Mandating COVID-19 vaccinations in the workplace

On 13 August 2021, the Fair Work Ombudsman (FWO) updated its information for employers on COVID-19 vaccinations: workplace rights & obligations with new guidance on mandating COVID-19 workforce vaccinations.

“Employers can direct their employees to be vaccinated if the direction is lawful and reasonable. Whether a direction is lawful and reasonable will be fact dependent and needs to be assessed on a case-by-case basis.” - FWO

For a vaccination direction to be lawful, it needs to comply with any employment contract, award or agreement, and any Commonwealth, state or territory law or public health order that applies.

From 17 September 2021, COVID-19 vaccination will be mandatory for residential aged care workers. Read more >

State and territory governments have made and may continue to make public health orders requiring workers to be vaccinated against COVID-19 in their state or territory. Learn more > Employers and workers must comply with any public health orders that apply to them.

When undertaking a case-by-case assessment on whether you can reasonably mandate the COVID-19 vaccine for your workforce, the FWO advises that there are a range of relevant factors to consider.

The FWO has also now created four broad tier levels to help guide employers on assessing the risk level of their working environments, as a gauge of whether it may be “more reasonable” or “less reasonable” to direct employees to be vaccinated against COVID-19.

Relevant factors to consider:

  • the nature of each workplace (e.g., taking into consideration public facing roles, the provision of essential services, options for social distancing, etc.)

  • the extent of community transmission of COVID-19 in the location where the direction is to be given, including the risk of transmission of the Delta variant

  • the effectiveness of vaccines in reducing the risk of transmission or serious illness, including the Delta variant

  • work health and safety obligations

  • each employee’s circumstances, including their duties and the risks associated with their work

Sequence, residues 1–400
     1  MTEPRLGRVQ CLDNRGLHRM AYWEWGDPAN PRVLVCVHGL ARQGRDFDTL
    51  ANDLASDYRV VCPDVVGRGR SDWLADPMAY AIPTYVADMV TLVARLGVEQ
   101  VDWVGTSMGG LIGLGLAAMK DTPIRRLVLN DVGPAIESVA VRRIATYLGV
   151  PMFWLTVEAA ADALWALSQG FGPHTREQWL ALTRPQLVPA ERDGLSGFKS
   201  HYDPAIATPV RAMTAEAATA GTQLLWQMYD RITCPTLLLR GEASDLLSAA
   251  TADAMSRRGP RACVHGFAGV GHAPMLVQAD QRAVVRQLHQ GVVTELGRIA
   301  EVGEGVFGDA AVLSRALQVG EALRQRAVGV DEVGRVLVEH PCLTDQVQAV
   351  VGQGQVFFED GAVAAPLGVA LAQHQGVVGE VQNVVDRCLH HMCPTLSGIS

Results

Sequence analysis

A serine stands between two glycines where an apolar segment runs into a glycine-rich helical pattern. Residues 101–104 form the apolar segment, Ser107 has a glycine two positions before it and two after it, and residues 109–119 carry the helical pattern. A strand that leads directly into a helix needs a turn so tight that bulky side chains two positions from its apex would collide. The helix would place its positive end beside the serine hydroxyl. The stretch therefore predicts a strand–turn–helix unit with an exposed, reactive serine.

• whether employees have a legitimate reason for not being vaccinated (e.g., a medical reason)

  • vaccine availability

4 broad work tiers:

  • Tier 1 work, where employees are required as part of their duties to interact with people with an increased risk of being infected with coronavirus (e.g., hotel quarantine or border control).

  • Tier 2 work, where employees are required to have close contact with people who are particularly vulnerable to the health impacts of coronavirus (e.g., health care or aged care).

  • Tier 3 work, where there is interaction or likely interaction between employees and other people such as customers, other employees or the public in the normal course of employment (e.g., workplaces providing essential goods and services).

  • Tier 4 work, where employees have minimal face-to-face interaction as part of their normal employment duties (e.g., working from home).

It is important to note that a workplace may have a mix of employees performing work in different tiers. This needs to be considered during your self-assessment.

Health care, aged care and disability care all fall under the category of Tier 2 work. This is because of the increased risk of employees being infected with COVID-19, or giving COVID-19 to a person who is particularly vulnerable to the health impacts of coronavirus. It is more likely to be reasonable for healthcare, aged care and disability care providers to mandate COVID-19 vaccinations for their client-facing or on-site workers.